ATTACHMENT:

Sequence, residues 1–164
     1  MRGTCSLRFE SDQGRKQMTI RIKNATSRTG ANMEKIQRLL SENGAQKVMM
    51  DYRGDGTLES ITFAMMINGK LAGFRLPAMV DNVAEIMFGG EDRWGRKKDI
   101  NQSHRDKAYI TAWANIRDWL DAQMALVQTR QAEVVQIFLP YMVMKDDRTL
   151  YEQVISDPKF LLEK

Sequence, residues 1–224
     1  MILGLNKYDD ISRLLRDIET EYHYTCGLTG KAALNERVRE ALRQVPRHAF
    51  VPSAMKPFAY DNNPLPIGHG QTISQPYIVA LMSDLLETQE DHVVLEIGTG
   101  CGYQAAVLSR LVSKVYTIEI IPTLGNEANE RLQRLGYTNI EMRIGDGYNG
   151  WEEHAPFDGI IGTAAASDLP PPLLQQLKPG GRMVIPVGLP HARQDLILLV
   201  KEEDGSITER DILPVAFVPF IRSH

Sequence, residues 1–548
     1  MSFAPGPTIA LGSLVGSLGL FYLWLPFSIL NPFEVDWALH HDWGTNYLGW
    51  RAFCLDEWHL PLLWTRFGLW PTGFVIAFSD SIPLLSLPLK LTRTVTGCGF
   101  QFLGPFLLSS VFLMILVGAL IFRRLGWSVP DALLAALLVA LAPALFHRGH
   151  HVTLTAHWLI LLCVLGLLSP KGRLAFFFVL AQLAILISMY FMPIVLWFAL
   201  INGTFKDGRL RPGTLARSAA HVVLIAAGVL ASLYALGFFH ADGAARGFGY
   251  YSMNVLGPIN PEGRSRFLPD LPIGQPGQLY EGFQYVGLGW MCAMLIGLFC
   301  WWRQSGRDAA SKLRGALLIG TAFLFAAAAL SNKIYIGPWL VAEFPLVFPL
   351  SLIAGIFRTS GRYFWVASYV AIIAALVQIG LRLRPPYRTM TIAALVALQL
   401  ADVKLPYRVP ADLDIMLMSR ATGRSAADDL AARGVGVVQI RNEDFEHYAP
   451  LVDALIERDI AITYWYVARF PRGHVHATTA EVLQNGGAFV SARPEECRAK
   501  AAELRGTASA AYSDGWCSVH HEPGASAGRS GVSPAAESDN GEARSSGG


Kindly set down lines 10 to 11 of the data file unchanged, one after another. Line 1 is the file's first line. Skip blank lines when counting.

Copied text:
   151  WEEHAPFDGI IGTAAASDLP PPLLQQLKPG GRMVIPVGLP HARQDLILLV
   201  KEEDGSITER DILPVAFVPF IRSH